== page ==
The Unheard begins with noise, and then silence.
The noise is both auditory and visual in nature, as an old family video plays with its staticky images jumping and skipping and the audio track loudly distorting. A mother and child can be seen, both inside and outdoors, and a voice can be heard calling ‘Mommy’ repeatedly, but it is otherwise fragmented and impressionistic, like a faint memory or a nightmare. Then the silence accompanies Chloe Grayden (Lachlan Watson) as she wakes on a coach to Massachusetts. There, while staying as a child at the family’s isolated summer house near Provincetown in Cape Cod, Chloe had contracted meningitis and emerged from a coma six months later profoundly deaf. Adding to Chloe’s sensory loss, her mother Emily (Michele Hicks) had vanished without trace around the same time.
Chloe has lived ever since with her father (voiced by Bill Sage) in Maine, and is only now, for the first time in twelve years, returning to Massachusetts, both to trial a new experimental treatment for deafness, and to clean up the summer house for sale. Which is to say that this young adult, in trying to put her past behind her, must first revisit it. Chloe’s inability to hear is reflected in the muteness of the film’s early sequences, with both the coach’s and the hospital’s interior noise reduced to a heavily filtered low buzz. Indeed, the only sound that Chloe still hears is her mother’s voice, half remembered and coming back to her, like a summoning, in her dreams.
That voice grows ever stronger and more insistent as Chloe comes back to Provincetown, now off-season and largely empty, and reencounters local childhood playmate Joshua (Brendan Meyer) and his wheelchair-bound mother Ellen (Boyana Balta), and old family friend Hank (Nick Sandow), now a handyman since a leg injury forced him to retire from police work. “Regaining sensibility can be quite jarring,” Dr Sophia Lynch (Shunori Ramanthan) had warned Chloe at the beginning of the treatment, and now that Chloe’s deafness is fast receding, she can hear her mother’s voice again, not just scratchily recorded on the family collection of old VCR tapes, but coming loud and clear from the house’s walls and floors, as both plea and warning.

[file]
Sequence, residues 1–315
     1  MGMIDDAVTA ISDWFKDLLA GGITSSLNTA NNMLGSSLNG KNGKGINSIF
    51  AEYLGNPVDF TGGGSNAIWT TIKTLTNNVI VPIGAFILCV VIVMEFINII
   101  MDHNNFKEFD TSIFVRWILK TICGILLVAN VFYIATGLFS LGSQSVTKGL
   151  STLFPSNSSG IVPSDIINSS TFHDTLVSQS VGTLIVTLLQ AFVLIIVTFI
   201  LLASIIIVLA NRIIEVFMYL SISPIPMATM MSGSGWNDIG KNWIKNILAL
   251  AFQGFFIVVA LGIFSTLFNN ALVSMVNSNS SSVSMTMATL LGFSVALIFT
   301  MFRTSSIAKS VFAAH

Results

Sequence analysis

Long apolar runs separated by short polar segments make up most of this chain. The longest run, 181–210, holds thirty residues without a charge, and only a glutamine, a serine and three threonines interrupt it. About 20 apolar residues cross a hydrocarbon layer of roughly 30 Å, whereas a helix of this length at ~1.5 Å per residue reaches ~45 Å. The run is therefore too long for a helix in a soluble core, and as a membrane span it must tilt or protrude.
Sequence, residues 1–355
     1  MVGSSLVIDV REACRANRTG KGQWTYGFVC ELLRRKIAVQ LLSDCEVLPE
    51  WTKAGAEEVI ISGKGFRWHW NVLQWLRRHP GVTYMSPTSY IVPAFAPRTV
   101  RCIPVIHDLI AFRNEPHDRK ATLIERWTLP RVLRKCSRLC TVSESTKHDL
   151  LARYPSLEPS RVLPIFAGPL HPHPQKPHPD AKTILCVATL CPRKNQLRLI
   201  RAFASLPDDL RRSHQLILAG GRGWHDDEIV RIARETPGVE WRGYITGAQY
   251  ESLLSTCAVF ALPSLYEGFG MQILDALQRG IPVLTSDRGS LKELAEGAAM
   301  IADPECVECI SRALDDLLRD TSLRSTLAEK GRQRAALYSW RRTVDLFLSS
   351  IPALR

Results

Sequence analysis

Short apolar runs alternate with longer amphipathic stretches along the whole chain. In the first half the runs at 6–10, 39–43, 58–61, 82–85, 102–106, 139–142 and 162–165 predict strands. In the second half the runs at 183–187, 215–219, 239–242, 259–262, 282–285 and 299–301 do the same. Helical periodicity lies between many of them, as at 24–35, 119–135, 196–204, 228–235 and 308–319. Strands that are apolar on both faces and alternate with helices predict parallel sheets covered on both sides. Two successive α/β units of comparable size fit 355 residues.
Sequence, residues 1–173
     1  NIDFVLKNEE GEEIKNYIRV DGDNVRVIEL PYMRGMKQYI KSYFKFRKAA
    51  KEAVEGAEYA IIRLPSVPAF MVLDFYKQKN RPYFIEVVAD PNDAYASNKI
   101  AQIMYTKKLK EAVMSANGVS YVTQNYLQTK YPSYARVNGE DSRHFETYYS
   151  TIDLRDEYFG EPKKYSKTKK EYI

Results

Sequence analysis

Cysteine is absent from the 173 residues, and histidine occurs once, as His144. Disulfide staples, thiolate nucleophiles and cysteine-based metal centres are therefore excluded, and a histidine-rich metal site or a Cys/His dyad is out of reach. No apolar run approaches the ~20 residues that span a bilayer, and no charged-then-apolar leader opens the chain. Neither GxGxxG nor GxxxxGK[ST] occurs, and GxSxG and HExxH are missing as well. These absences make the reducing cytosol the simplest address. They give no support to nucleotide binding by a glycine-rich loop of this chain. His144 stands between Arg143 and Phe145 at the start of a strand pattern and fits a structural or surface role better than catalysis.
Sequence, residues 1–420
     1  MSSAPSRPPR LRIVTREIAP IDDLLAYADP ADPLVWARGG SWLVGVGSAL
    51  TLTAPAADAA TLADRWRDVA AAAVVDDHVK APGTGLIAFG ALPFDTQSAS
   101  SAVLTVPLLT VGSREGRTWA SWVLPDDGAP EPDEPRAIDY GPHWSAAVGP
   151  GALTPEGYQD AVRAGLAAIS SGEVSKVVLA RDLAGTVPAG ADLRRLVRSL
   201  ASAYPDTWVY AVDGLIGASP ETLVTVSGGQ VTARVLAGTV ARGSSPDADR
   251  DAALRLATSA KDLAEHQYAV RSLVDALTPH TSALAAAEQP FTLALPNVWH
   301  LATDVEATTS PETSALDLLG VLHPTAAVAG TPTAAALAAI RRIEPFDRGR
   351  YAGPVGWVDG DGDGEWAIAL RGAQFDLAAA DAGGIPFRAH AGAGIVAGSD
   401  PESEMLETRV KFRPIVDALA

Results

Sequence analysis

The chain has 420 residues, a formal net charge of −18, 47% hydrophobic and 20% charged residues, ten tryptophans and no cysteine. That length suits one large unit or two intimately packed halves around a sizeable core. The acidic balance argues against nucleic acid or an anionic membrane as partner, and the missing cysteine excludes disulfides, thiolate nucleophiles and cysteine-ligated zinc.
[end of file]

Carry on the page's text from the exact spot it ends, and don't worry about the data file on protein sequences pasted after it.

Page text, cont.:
Indeed, warnings are not out of place in a town decorated with an unusual number of missing persons notices – the ‘wall of shame’, as Hank calls it, which includes an old poster for Emily. For someone – it is not exactly hard to guess who given the limited dramatis personae – has for years been donning giallo-esque black gloves, murdering women and concealing the evidence. Yet a stir of echoes remains. Others besides Chloe are aware of the strange vibes in the air waves – and if Chloe, who we are told several times looks just like Emily, does not tune in fast, then she risks retreading her mother’s footsteps and replaying her fate.
Directed by Jeffrey A. Brown (The Beach House, 2019) and written by Michael and Shawn Rasmussen (Crawl, 2019), The Unheard is part psychodrama and part ghost story, as past crimes leave a sonic trace of grief and guilt that only sensitive ears can pick up. Chloe’s conflicted recovery runs parallel to her mother’s convoluted retribution, in a peculiar merger of Darius Marder’s Sound Of Metal (2019) and Mike Flanagan’s Hush (2016), where the final restoration is also a reprise, if not quite a rewind.
Here, amid all the cat-and-mouse elements of a serial killer thriller, the supernatural comes to coexist with the psychological. For at its heart, The Unheard is a film about accommodating trauma and learning to heal when memories – good and bad – are stuck on a recurring, deteriorating loop. Needless to say, as Chloe starts to hear again and the ghosts of her past to speak, Colin Alexander’s sound design is a crucial part of the mix, by turns silent and noisy.
strap: Jeffrey A. Brown’s ghost story slash serial killer thriller allows a young woman, cured of deafness, to tune into the noisy dead
© Anton Bitel